BOTOX® is the brand name of a toxin produced by the bacterium Clostridium botulinum. In large amounts, this toxin can cause a form of muscle paralysis known as botulism, which is usually associated with food poisoning. Even though one of the most serious complications of botulism is paralysis, scientists have discovered a way to use it to human advantage. Small, diluted (weakened) amounts can be directly injected into specific muscles, causing controlled relaxation of the muscles.
Botulism is an illness caused by a neurotoxin produced by the bacterium Clostridium botulinum. There are three types of botulism: food-borne, wound, and infant. Symptoms include muscle paralysis, dry mouth, constipation, slurred speech, and blurred vision. If food-borne and wound botulism are detected early enough, they may be treated with an antitoxin. Infant botulism is treated intravenously with BabyBIG (Botulism Immune Globulin).
Can you use Botox under your eyes? Botox is often used to treat lines and wrinkles around the eyes and mouth. Can it also reduce dark circles or bags under the eyes? Using Botox under the eyes is not approved in the U.S. and researchers are unsure how well it may work and what side effects may occur. Here, learn about the procedure and its alternatives. Read now
On Wednesday, Saunders said at a conference that Allergan is planning to sell its women's health and infectious disease businesses, putting more attention on Allergan's four "core" businesses, which are eye care, aesthetics, diseases of the central nervous system, and gastrointestinal conditions. Allergan's stock fell on the news, suggesting investors haven't been appeased yet.
Unopened vials of BOTOX should be stored in a refrigerator (2° to 8°C) for up to 36 months. Do not use after the expiration d ate on the vial. Administer BOTOX within 24 hours of reconstitution; during this period reconstituted BOTOX should be stored in a refrigerator (2° to 8°C). Reconstituted BOTOX should be clear, colorless, and free of particulate matter.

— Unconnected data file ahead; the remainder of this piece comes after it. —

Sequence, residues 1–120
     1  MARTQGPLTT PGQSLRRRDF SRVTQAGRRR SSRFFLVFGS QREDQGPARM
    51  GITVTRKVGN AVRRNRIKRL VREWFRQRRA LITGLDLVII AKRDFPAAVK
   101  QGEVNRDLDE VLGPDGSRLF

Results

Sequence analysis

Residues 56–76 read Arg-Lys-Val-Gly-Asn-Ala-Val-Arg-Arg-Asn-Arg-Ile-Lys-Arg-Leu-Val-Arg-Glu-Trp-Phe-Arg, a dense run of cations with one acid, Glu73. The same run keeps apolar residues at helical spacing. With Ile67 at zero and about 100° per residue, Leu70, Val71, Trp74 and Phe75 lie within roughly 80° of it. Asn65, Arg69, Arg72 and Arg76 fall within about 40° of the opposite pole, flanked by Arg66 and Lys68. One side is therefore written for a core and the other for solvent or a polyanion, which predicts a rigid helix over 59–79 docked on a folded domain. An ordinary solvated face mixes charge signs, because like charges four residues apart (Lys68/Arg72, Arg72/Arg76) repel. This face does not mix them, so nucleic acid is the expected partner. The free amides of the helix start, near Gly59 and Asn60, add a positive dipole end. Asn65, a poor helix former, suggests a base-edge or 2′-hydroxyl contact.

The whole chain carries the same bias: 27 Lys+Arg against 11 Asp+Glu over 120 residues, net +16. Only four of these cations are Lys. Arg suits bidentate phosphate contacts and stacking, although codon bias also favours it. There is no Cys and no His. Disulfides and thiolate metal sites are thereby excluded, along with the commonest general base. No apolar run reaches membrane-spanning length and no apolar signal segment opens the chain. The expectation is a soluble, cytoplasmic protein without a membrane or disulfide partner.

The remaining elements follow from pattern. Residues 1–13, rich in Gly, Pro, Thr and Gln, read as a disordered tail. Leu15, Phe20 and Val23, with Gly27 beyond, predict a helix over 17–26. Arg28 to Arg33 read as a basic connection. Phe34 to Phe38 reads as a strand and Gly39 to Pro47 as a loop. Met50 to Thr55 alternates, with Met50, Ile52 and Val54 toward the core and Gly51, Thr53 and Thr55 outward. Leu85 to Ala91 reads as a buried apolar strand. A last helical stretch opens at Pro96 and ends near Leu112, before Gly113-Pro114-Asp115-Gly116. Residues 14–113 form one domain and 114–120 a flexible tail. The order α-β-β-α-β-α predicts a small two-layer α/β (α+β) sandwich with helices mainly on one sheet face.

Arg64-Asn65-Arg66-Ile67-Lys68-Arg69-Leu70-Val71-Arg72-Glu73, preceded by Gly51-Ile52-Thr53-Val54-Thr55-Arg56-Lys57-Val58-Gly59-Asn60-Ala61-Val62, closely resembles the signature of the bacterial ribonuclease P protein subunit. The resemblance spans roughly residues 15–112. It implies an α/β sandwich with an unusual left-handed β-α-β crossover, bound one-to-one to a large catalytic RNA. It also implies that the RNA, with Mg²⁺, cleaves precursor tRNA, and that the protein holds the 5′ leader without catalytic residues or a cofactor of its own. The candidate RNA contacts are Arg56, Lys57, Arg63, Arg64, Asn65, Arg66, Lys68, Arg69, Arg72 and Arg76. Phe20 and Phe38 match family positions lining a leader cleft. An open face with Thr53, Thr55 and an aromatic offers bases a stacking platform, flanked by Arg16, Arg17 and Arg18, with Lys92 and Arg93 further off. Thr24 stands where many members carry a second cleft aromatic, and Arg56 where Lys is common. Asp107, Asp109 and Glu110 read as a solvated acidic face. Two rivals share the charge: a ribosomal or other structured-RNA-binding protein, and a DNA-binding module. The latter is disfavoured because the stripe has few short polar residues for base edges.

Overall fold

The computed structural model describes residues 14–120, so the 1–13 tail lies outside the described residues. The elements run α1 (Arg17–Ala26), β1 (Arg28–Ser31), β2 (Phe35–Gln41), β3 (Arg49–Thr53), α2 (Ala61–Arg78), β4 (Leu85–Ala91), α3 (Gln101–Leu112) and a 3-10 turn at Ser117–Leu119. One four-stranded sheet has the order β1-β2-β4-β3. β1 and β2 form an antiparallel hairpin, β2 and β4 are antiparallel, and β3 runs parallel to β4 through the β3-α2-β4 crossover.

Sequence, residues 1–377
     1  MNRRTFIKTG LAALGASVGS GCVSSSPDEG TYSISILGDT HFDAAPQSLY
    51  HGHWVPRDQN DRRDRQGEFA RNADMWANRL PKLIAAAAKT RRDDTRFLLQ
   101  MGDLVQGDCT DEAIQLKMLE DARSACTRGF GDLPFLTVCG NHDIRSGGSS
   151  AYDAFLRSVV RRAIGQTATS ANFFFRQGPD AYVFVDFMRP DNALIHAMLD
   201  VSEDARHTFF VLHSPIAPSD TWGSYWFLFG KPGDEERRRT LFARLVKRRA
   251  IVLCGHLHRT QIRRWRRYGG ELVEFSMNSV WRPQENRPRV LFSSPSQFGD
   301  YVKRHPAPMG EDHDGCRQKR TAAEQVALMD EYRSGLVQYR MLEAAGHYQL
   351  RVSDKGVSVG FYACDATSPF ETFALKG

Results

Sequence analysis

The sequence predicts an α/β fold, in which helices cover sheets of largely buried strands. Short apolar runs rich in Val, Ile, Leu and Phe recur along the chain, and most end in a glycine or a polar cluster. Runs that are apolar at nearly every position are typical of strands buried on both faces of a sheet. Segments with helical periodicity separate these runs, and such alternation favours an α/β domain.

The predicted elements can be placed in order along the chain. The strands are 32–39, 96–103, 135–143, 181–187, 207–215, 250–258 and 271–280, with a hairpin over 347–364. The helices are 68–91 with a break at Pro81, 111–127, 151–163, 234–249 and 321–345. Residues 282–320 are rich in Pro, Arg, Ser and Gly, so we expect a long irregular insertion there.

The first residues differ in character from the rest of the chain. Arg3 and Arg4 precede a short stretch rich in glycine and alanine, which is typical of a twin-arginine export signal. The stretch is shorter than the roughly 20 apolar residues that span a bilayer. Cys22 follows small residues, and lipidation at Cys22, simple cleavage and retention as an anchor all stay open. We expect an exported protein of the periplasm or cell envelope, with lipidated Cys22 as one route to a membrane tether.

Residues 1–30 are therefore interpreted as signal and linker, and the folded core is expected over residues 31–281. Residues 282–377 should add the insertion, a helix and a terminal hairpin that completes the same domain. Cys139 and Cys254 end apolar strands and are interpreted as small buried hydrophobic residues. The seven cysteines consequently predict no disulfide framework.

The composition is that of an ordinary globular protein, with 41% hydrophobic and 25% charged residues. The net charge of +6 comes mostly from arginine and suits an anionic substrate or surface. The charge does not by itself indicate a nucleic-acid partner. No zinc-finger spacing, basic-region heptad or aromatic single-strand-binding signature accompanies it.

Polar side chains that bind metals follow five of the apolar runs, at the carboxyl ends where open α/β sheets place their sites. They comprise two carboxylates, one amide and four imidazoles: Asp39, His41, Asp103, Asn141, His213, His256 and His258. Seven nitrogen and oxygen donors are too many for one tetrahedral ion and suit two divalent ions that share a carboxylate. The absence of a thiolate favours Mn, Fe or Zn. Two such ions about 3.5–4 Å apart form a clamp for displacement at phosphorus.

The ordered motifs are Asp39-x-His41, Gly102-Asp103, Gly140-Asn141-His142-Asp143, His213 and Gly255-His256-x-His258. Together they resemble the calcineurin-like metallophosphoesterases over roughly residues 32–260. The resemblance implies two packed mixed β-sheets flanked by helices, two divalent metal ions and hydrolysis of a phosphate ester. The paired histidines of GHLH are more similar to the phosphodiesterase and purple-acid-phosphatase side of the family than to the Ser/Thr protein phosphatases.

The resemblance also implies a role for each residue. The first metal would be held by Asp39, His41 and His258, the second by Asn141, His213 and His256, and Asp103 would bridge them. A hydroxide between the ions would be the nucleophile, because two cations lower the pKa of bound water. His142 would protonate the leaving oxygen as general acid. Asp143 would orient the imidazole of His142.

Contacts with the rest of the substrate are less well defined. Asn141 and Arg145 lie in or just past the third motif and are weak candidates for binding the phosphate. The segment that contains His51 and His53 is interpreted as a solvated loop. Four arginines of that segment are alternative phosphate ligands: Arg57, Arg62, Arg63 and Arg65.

Pharmaceutical companies are not without blame. One reason why insurers impose step therapy is high drug prices. Botox, which is made from the toxin of certain bacteria, is much more expensive than other migraine treatments like beta blockers, which are available as generics. Botox costs about $4,800 a year, but with injection fees, treatment can cost up to $10,000 a year. “They could lower the price,” says Loder. “Their goal is to maximize return on investment for their stockholders. That’s not the same thing as maximizing benefits for patients, unfortunately.”
Our advice: if you’re going to try it, don’t give up on Botox for Migraine after the first try, and reconsider whether you’re a good candidate after three tries. Both Drs. Jackson and Kornel noted that there was a large placebo effect seen in many of the studies. “It’s hard to know if most of the benefit was from the drug or from the placebo effect,” said Jackson, who added, “but, patients don’t care if it’s a placebo effect.”
In clinical trials, 30.6% of patients (33/108) who were not using clean intermittent catheterization (CIC) prior to injection, required catheterization for urinary retention following treatment with BOTOX® 200 Units as compared to 6.7% of patients (7/104) treated with placebo. The median duration of post-injection catheterization for these patients treated with BOTOX® 200 Units (n = 33) was 289 days (minimum 1 day to maximum 530 days) as compared to a median duration of 358 days (minimum 2 days to maximum 379 days) for patients receiving placebo (n = 7).